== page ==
Model Eight - Studio

Lately I've been going through my photo archives and doing some cleanup work. I've been looking at my work with a critical eye and ruthlessly deleting images that are just taking up space on my drive. There are plenty of images that I never did anything with, particularly from my early days of learning the art of photography. Looking back through my archives I see plenty of images that just need to go away. They weren't good then and they aren't good now. On the other hand, sometimes I find things that I set aside because I just wasn't sure what direction to take them. Sometimes it takes a fresh look years later for something to click.

Such is the case with some photos I took of my good friend and model, Model Eight. We were playing around in my studio (aka an empty room at my old office building). I was experimenting with hard light using one or two hot shoe flashes off camera. These photos were all captured with the intention of being color images. Back at home on my computer, they just didn't seem to work in color and for whatever reason I didn't even bother trying to process in black and white. I was so new to portraiture and I just figured I'd screwed up. Yet, for some reason I didn't delete these images. When I came back around to these files in my archives years later, I finally saw something.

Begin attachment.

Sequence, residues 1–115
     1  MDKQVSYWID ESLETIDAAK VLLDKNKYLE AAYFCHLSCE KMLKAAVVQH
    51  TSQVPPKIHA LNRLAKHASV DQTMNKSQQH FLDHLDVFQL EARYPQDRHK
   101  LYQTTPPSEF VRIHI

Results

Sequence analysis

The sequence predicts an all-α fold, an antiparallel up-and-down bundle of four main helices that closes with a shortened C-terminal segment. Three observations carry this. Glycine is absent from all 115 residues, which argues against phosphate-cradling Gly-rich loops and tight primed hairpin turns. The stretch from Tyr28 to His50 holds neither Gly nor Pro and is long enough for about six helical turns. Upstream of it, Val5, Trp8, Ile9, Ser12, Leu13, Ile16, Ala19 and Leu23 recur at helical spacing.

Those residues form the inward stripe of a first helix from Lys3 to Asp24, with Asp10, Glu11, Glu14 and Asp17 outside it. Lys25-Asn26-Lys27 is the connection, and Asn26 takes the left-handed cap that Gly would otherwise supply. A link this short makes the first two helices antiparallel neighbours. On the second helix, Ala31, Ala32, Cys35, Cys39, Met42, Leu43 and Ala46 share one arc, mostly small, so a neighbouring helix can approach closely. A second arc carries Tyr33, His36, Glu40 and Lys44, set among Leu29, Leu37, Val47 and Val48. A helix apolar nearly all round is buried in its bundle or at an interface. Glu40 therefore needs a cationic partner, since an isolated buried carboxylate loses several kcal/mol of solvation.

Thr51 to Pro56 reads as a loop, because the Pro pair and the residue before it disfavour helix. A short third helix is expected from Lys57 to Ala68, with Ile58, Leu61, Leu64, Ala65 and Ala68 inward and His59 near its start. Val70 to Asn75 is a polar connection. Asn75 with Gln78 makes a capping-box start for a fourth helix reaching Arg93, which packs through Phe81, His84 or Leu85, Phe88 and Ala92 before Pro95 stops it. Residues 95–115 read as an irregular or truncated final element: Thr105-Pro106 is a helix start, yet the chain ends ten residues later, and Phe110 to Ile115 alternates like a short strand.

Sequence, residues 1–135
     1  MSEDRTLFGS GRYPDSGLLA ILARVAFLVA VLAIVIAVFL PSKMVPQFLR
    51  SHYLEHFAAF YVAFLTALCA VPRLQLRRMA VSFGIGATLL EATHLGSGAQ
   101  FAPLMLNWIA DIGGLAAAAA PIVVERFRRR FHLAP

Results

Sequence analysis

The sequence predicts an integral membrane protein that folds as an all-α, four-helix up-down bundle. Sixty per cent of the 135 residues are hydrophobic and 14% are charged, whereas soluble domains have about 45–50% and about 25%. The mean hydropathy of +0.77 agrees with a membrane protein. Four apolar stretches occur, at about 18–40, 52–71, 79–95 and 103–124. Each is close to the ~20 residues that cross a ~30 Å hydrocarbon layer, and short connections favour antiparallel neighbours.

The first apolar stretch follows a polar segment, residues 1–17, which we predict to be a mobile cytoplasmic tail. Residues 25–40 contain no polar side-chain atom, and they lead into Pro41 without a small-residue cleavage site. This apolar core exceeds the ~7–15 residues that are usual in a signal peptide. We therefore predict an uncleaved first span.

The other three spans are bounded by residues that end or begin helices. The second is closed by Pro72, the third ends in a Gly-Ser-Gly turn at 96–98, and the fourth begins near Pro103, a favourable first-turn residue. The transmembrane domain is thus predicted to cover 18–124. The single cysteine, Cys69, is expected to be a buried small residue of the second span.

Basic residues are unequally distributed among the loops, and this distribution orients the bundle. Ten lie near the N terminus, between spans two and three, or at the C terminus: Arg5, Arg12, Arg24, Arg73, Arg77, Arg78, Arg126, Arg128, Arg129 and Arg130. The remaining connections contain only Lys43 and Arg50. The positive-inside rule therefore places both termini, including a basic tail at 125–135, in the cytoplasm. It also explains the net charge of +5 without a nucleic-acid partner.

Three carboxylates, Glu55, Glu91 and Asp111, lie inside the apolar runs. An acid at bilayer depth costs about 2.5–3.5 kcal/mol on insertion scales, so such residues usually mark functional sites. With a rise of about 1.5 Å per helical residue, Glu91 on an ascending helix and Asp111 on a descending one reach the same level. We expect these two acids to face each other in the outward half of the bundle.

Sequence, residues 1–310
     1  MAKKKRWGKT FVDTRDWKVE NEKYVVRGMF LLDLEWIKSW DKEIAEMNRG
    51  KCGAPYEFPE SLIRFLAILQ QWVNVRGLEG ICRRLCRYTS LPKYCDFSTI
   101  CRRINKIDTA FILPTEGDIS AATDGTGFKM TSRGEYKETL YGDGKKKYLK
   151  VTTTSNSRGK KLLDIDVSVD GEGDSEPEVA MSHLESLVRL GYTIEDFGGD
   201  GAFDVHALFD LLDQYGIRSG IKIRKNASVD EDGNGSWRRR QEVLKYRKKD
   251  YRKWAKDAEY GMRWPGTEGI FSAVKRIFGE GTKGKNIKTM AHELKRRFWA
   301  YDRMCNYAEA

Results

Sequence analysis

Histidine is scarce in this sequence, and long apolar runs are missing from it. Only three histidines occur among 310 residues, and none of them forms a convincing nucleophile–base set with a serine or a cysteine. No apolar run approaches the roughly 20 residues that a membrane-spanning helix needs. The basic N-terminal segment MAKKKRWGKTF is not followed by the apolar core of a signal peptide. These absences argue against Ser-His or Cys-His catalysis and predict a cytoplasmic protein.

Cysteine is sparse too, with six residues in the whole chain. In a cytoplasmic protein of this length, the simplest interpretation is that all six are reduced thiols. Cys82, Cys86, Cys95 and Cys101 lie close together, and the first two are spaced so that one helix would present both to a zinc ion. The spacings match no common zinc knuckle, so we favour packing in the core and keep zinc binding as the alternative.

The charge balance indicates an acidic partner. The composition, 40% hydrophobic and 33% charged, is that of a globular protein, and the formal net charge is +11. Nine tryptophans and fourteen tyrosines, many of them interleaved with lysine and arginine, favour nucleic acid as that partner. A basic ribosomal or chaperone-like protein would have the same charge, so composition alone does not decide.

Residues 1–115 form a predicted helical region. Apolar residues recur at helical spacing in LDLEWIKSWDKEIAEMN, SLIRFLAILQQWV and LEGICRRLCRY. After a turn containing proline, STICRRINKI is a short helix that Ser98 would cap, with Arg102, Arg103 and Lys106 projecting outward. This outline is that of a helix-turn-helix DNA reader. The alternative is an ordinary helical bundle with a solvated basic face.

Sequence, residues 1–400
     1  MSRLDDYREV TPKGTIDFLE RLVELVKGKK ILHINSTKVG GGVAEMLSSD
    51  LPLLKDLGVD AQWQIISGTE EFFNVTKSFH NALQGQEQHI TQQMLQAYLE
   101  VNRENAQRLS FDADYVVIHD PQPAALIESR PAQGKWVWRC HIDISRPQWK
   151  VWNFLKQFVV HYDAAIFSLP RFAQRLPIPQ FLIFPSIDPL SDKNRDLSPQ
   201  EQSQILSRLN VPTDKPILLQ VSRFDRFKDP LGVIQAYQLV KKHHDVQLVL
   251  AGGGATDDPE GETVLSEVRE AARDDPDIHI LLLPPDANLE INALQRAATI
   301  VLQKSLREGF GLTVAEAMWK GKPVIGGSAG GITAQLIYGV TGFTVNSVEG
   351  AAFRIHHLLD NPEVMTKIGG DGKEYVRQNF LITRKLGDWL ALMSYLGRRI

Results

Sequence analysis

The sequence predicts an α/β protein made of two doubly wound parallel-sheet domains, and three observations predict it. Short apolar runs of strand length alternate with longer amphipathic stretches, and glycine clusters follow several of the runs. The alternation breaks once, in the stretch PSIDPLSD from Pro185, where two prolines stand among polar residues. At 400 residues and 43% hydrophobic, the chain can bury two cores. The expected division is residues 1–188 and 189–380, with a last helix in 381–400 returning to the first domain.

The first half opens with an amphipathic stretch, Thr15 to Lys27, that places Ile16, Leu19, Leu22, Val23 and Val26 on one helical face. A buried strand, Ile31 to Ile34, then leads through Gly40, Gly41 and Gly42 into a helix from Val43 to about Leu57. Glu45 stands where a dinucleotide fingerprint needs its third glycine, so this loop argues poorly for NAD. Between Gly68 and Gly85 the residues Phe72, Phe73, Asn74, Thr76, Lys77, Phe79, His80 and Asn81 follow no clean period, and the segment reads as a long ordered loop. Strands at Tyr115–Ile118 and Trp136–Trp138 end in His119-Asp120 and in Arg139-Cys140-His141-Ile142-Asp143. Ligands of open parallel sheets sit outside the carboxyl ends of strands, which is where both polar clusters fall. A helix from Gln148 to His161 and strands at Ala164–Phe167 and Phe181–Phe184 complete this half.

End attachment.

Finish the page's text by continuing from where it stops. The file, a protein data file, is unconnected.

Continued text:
I used VSCO presets in Lightroom as a base to process the raw files from my Canon DSLR and came up with a look that I liked. I still ended up deleting a lot of the old files but a few like these were saved from the cutting room floor. What I was missing at the time I shot these was  vision on my part. I was experimenting with new techniques, which is certainly not a bad thing, but I didn't have any idea where to take what I was capturing. That's the most difficult lesson to learn in photography - learning to see, both what exists in a moment in time and what has the potential to exist. Gear and technique are such a small part of the puzzle. Being able to see in your mind what you want to create before you click the shutter button - that's the secret to creating something special.